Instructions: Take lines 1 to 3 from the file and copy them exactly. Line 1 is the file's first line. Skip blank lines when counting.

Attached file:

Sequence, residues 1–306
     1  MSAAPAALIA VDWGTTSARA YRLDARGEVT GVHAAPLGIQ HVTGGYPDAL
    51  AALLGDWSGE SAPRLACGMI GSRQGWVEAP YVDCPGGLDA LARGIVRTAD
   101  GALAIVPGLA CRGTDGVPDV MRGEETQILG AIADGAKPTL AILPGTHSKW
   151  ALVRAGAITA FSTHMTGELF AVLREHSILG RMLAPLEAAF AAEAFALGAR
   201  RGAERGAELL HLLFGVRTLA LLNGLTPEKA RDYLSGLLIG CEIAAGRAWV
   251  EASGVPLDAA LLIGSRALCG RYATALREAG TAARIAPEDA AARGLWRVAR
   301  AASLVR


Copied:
Sequence, residues 1–306
     1  MSAAPAALIA VDWGTTSARA YRLDARGEVT GVHAAPLGIQ HVTGGYPDAL
    51  AALLGDWSGE SAPRLACGMI GSRQGWVEAP YVDCPGGLDA LARGIVRTAD